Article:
Postscript

    if by libertarianism you mean abortion or gay marriage and nothing else.

    Add drugs and porno and that’s a pretty accurate description of 90% of self-described Libertarians I’ve ever met. Sure they say they’re free market, but try discussing Austrian business cycle theory and they just state blankly for a few seconds before making yet more profoundly thoughtless, crass and historically inept comments about sex and sexuality.

  • Gabriel

    Just to be very clear about what I mean. Though I happen to agree with Libertarians on the overwhelming majority of issues, it is my observation that the only area where they have any practical whatoseverin the last century is helping the culural left along in advancing the decay of decent and civilized life in this country and across the western world in favour of modern the modern condition of existence, (described most ably by Theodore Dalyrymple). To take one example among millions, you helped to get section 28 repealed, but you were utterly powerless to do anything about the criminalisation of homophobic speech, the effective nationalisation of adoption agencies in the name of ‘gay rights’ or the further erosion of the fundamental right to refuse people access to one’s own property for the same reasons. Moreover, from where I’m standing, you didn’t even really try because you were too busy blathering on about gay *marriage* (perhaps the single most preposterous piece of pish the New Left ever came out with, indeed I half suspect it’s a sort of macabre joke where they test their power by coming up with ostentatiously absurd ideas and seeing how quickly they can implement them). You are, in short, a force for ill, albeit a relatively small one.

  • tdb

    Gabriel,

    That is because libertarians want freedom in all manners of life; unlike you, we don’t stop at politics and economics.

    We follow the logic to it’s final conclusion: if the government has no right to dictate how people spend their money or who they vote for, then the government has no business dictating morality or enforcing that myth of “common decency”. It should prosecute force and fraud, but not punish gays whose only crime is love and the desire to have a family.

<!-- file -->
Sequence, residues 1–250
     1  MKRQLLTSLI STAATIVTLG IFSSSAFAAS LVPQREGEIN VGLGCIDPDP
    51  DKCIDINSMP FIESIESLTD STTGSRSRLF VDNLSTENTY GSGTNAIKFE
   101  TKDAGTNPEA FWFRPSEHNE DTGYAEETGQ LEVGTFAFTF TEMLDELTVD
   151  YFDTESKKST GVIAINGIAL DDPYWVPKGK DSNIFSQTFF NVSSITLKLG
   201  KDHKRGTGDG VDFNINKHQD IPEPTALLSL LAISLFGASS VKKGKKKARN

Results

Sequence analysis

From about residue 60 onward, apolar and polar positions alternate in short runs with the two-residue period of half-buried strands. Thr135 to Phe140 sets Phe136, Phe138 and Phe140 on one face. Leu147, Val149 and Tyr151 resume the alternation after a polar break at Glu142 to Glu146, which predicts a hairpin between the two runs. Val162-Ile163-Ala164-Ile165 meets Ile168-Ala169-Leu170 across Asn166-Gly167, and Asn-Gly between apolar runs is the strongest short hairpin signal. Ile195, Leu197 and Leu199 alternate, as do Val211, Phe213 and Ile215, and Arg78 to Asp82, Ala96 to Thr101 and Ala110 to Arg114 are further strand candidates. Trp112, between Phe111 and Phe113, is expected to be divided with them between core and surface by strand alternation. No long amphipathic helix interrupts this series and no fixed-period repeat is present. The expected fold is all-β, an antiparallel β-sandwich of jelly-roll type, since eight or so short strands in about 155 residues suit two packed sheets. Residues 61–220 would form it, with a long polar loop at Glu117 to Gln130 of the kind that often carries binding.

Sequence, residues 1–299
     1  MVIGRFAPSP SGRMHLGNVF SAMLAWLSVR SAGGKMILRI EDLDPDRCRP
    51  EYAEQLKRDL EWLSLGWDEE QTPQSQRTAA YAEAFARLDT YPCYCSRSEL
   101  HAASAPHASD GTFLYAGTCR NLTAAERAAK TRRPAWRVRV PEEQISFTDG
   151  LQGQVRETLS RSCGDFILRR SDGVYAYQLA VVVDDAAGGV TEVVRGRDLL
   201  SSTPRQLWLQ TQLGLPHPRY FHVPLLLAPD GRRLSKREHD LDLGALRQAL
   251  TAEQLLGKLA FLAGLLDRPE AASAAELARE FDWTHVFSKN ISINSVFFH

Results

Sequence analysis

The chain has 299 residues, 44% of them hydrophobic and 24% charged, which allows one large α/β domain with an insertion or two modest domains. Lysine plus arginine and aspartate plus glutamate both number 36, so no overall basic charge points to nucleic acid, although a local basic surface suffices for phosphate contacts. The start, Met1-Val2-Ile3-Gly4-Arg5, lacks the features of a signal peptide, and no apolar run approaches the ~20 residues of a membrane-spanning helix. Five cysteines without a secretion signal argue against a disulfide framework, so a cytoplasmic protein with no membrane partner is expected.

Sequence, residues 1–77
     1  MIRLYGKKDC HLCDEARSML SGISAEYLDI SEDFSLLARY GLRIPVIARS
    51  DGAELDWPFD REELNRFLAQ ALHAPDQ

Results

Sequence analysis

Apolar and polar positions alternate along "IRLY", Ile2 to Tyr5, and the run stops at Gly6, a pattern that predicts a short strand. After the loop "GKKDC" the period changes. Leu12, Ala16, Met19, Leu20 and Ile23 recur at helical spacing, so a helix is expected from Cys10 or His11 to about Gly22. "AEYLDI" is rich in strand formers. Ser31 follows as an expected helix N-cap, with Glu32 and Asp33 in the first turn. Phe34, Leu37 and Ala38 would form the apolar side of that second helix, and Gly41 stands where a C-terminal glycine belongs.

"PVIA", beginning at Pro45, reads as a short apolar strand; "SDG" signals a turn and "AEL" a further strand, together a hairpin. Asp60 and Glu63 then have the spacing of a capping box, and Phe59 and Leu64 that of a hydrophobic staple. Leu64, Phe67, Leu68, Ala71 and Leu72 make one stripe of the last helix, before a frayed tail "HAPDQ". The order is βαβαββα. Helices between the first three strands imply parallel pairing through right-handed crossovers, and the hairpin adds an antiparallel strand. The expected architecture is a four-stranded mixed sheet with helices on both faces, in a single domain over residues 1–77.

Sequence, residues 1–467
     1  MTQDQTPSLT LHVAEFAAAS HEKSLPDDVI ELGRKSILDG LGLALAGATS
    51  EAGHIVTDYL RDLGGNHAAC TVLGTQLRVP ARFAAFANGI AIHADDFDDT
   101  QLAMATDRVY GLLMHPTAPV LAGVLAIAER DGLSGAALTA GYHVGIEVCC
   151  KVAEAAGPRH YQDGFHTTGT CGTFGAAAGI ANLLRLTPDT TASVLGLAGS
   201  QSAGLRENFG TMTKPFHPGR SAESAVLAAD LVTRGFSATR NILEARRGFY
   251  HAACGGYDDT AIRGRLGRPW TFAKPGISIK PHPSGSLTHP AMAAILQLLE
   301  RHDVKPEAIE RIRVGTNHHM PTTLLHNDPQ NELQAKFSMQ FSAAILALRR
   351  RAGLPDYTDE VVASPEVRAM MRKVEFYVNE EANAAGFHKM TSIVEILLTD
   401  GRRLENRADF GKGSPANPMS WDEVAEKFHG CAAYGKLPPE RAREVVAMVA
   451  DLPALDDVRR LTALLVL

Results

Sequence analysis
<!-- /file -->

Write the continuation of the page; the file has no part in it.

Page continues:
It should not punish the pornographer who’s only crime is being an entrepreneur; nor the drug user who’s only crime is making a bad decision. It shouldn’t condemn the illegal immigrant who’s only crime is wanting to seek a better life.

    Small? The Cato Institute holds a lot of sway my friend. We’ve been bruised a bit, but we’ll pick ourselves up soon enough.

    Libertarianism shall triumph; paleos, WE WILL BURY YOU!

    It is you who has the weird monkey-to-back ratio.

  • PersonFromPorlock

    I can’t find any hard data with a brief search, but I’m sure that most US federal civil servants are Democrats already. Getting rid of the few Republicans probably wouldn’t change things very much.

    This thread, incidentally, is an excellent example of why anyone wanting a political movement to prosper should immediately show anyone who wants to talk about abortion the door: once the subject’s introduced, it eats every other issue.

  • tdb

    PersonFromPorlock: It is an issue I am passionate about, and I see where you are coming from. But, should we sacrifice all principle for expediency? Do you know how much we’d have to sacrifice to do that? Virtually everything about libertarianism until there is nothing but a shell left.

    However, I’ll stay on topic in the future; I have no desire to be kicked out.

  • RRS

    Having lived in that world (but not part of it) I will ask these commentators: Regardless of how minimally, how should the necessary functions of the federal government be staffed?

    If on merit exams or qualifications, should previous condition of “political servitude” be a disqualification?

    If so, why.

  • Valerie

    With all due respect tdb, conservative Republicans espouse intact families, less divorce, drug use and other social ills far better and more consistently than Libertarians who are seen by most to be merely selfish bohemians. No one wants to be lectured to but at least they keep the public aware of how social ills cost us all and to MUCH greater effect.

  • It’s not a question of how the civil service should be staffed. It’s a question of how they should be *not* staffed.

    There was a time in Malaysia (or to be more precise, Malaya and British Borneo), for example, when the best and the brightest were expected to join the civil service. “Steady income”, one said. “Stable job, never get fired, low risk,” another declaimed. “Doing something useful for the country,” a third opined. Came from both the British as well as Chinese cultures (as you can tell, the Chinese retained ideals from the Imperial bureaucracy)